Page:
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Here's another one: hand mixer beaters. Should I not use mine since I have made gluten containing cupcakes with it before?


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 Post subject: Re: Celiac question
PostPosted: Mon Nov 15, 2010 10:09 pm 
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I'm guessing that if your relative doesn't have celiac it it probably ok to just wash everything really well before cooking for her. Unless it's a surprise you should just ask her what she's comfortable with!

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 Post subject: Re: Celiac question
PostPosted: Tue Nov 16, 2010 2:16 am 
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Rach*n wrote:
I find this interesting. I just read about how gluten can be transferred from touching other people's hands, or shopping carts. Scary! I am going to be baking cupcakes for a relative that doesn't have celiac but is gluten free. I read that non porous materials like wood shouldn't be used if they have been used with gluten before. What about other materials, like glass or aluminum pans? Is there a resource somewhere to read up on this?


I scrub pans really well if I have to use them at someone else's house. I am a dork and also rinse of my silverwear before I use it when I'm not at home (well, unless it's already set at the table).

I'd use paper liners for the cupcakes to be safe.

I am the type that eats from someone else's house or a restaurant once in awhile and I'm usually OK if they were careful. But if I do it daily, I can get kinda sick after awhile.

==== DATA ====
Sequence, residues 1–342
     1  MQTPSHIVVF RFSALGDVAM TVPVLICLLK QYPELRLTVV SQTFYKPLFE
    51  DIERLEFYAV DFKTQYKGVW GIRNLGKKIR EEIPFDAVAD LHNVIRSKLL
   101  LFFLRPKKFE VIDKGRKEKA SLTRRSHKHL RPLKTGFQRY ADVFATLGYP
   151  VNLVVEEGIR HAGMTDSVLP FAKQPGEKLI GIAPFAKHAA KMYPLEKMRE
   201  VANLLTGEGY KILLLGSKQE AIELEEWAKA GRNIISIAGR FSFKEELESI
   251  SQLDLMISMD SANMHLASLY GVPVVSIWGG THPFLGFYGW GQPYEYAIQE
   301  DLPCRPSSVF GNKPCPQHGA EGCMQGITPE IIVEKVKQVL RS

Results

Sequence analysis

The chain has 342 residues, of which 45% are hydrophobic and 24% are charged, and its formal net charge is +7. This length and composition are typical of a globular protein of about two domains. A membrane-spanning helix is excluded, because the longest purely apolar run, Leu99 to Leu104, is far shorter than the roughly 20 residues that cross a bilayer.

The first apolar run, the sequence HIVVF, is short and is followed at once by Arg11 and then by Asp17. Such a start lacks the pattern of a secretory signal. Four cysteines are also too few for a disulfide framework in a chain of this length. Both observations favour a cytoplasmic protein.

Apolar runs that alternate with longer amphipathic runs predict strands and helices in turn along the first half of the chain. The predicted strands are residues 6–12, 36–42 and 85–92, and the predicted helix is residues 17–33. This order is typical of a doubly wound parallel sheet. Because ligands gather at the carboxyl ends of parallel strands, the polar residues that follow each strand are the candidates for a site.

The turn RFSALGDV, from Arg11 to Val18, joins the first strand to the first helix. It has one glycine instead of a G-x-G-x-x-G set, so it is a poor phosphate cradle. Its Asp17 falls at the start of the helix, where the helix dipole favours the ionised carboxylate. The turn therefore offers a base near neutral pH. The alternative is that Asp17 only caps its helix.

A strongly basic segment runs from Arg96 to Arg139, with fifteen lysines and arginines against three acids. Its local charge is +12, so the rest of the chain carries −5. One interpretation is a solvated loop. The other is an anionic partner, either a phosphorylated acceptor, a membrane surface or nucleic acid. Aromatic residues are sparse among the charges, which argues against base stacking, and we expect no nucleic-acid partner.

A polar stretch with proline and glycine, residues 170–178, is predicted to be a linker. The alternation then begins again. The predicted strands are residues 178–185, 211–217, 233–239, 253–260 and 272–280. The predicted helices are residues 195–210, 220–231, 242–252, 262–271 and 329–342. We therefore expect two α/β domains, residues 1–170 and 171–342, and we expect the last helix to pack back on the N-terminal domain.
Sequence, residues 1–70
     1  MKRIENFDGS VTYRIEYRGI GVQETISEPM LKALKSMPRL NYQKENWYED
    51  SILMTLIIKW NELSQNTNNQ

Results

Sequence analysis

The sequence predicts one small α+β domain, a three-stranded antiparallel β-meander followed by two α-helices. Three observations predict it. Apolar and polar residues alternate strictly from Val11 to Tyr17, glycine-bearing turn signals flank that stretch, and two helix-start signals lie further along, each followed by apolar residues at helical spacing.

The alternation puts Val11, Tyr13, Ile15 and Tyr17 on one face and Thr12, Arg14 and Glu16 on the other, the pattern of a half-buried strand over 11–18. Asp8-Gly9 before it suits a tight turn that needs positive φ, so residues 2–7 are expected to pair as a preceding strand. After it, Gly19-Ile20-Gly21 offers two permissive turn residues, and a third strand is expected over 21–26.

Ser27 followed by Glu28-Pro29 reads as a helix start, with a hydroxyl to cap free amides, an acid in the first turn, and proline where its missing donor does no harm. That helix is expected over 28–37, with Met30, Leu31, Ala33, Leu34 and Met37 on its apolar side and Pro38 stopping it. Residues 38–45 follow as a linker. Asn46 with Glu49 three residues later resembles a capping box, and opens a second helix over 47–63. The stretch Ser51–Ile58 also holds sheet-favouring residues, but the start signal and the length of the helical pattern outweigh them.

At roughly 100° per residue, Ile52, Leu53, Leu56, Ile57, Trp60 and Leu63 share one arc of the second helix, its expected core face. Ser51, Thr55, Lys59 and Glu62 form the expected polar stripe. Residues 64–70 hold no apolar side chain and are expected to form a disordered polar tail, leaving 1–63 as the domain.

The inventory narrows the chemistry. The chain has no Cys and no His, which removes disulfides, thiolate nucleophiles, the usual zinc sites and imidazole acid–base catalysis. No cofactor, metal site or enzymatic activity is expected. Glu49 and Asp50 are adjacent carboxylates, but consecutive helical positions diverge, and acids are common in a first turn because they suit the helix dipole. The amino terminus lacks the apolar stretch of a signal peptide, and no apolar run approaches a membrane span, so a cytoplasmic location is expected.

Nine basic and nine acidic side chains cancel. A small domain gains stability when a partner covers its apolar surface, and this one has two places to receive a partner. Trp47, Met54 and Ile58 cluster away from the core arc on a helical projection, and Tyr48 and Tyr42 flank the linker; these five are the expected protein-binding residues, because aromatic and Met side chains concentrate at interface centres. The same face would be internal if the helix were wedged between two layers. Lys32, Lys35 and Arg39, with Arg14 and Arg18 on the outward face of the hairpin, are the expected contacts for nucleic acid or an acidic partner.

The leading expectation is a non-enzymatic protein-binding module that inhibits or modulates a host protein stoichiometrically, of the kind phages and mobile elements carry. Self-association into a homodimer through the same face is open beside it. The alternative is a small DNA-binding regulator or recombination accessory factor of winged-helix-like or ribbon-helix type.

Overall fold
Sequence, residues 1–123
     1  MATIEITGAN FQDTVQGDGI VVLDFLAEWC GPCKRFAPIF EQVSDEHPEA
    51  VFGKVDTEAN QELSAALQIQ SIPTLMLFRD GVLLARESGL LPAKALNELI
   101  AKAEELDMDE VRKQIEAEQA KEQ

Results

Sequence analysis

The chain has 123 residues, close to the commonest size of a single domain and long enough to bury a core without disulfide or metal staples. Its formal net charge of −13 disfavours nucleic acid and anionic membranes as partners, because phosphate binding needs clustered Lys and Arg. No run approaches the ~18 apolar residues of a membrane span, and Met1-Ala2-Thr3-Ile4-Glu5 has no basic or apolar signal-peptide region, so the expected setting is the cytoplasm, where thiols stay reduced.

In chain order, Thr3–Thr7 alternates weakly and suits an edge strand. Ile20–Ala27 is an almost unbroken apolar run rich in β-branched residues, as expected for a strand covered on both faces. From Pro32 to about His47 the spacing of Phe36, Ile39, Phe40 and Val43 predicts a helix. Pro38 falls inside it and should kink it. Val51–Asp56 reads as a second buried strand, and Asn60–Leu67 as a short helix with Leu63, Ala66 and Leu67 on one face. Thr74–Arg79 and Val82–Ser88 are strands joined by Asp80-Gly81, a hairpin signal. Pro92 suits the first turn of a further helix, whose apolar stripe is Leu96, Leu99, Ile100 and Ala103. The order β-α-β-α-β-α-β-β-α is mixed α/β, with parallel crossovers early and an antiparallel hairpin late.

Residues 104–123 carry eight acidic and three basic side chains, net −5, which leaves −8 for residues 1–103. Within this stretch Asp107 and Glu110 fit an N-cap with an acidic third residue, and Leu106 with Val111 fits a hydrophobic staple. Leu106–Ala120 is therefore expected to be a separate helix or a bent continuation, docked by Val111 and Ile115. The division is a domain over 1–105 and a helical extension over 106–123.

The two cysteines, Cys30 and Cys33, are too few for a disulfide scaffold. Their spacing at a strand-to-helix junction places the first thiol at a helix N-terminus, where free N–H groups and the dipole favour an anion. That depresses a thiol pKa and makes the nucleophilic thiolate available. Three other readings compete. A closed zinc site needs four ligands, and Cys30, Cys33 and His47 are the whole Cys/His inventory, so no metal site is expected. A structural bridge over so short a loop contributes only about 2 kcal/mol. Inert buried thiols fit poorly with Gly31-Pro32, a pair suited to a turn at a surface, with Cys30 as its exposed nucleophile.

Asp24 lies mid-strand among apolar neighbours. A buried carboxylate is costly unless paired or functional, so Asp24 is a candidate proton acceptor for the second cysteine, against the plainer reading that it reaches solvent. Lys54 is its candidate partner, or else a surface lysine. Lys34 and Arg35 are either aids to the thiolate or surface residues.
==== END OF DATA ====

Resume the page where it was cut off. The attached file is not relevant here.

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 Post subject: Re: Celiac question
PostPosted: Tue Nov 16, 2010 3:08 pm 
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Rach*n wrote:
Here's another one: hand mixer beaters. Should I not use mine since I have made gluten containing cupcakes with it before?


Can they be washed in the dishwasher, on hot water? I think they'd be fine. Same with pans--as long as they can be washed completely, with hot soapy water, they should be okay. I have celiac and I'm not as careful as you're talking about here--I still use baking dishes from before I was gluten-free, I just washed them really well. Cross-contamination becomes a problem with surfaces that can't be scrubbed completely clean, like the insides of toasters or porous conveyer belts at factories that process gluten ingredients. Wooden cookware might be iffy for some extremely sensitive people. But if someone was that sensitive, they probably couldn't eat at restaurants or other people's houses at all.


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 Post subject: Re: Celiac question
PostPosted: Tue Nov 16, 2010 5:45 pm 
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Thanks all, this is good to know. We usually wash the beaters and utensils and bowls in the dishwasher with hot water. I'm pretty sure that my aunt doesn't have celiac, I think gluten free is to help her fibromyalgia. I will email her to be sure. Husband and I are planning on going gluten free as well, so I'm glad to know I can keep my baking pans.